In Do Nothing! How to Stop Overmanaging and Become a Great Leader award-winning business professor J. Keith Murnighan challenges his readers: “Imagine you’ve just come back to work after a two-week vacation during which you actually relaxed, without calling in or checking e-mail. You discover that there are no pressing issues and that, on the contrary, your team scored a big new customer and fixed a nagging problem during your absence.”
Dream or reality? It appears managers can do a lot less, let alone nothing to make things happen and get people strive for great results. Focus on them, the people, give them trust, release control, show integrity and start with the end and plan backwards. For me a major takeaway: Think of the reaction that you want first, then determine the actions you can take to maximize the chances that those reactions will actually happen.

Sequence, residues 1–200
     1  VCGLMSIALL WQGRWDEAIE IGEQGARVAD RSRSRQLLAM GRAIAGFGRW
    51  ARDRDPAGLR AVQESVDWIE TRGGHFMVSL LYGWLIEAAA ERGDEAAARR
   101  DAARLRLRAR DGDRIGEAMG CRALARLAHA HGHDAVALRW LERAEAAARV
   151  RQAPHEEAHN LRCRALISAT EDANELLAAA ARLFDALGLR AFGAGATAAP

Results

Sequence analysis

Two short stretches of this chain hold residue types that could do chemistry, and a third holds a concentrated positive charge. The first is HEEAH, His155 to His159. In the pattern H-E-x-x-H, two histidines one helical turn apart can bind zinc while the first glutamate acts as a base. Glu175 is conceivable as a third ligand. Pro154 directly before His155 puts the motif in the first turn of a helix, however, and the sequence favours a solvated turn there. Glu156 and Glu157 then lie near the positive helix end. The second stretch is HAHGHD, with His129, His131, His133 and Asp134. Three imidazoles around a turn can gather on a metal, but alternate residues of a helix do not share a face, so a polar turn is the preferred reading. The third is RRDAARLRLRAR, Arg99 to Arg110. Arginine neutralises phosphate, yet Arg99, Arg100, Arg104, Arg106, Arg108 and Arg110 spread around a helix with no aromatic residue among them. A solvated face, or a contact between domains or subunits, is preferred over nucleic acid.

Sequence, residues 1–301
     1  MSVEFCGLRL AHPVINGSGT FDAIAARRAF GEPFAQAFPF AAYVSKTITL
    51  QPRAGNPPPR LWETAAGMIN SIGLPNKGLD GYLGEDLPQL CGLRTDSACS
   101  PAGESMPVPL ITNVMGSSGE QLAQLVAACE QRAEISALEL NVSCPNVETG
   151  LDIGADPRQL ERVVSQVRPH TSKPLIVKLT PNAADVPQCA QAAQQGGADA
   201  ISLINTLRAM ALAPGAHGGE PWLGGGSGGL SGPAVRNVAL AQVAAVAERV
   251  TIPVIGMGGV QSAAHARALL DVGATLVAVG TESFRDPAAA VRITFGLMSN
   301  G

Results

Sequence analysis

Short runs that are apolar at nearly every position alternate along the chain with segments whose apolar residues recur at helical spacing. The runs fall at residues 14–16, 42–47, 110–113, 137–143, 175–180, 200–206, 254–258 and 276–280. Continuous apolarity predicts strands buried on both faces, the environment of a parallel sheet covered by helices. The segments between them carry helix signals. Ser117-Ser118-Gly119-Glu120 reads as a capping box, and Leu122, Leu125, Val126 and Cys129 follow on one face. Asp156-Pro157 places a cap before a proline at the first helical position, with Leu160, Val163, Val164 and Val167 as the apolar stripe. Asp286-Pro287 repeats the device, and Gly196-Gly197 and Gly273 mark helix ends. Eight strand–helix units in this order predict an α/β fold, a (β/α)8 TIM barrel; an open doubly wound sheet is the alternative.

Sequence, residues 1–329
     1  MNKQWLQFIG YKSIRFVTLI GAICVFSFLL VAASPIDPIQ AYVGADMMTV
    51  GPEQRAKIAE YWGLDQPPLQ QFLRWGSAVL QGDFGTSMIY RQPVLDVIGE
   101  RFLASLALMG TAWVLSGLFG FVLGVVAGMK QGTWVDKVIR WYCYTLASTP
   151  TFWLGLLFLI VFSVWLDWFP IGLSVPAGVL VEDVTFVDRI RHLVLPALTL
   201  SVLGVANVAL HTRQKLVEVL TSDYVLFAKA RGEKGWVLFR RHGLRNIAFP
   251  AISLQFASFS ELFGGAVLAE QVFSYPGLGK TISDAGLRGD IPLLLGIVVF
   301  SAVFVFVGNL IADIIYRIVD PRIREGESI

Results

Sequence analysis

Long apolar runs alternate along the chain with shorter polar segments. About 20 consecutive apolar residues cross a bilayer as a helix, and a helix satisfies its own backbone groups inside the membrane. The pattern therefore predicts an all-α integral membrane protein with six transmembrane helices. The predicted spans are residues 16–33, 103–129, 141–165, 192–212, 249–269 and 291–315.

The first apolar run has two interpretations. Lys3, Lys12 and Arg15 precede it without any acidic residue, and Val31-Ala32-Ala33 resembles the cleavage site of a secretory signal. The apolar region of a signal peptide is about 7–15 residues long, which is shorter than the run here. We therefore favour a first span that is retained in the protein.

Common sense, lasting truths, maybe the one insight you need right now, because business as usual stepped in again. Murnighan values active listening, de-emphasizing performance goals and short term profits. And if you’re fed up with theory alone, the author has some contemporary examples of unnatural leaders testifying the book’s principles:
- Michael Krasny (CDW)
- Phil Jackson (basketball coach)
- Soichiro Honda (chairman Honda Motor Company)
- Norbert Brainin (first violinist Amadeus String Quartet)
- Michael Abrashoff (ex–Navy captain, leadership consultant, and author)
- Maggie Doyne (BlinkNow Foundation)
- Oprah Winfrey
Stop working and start leading (again).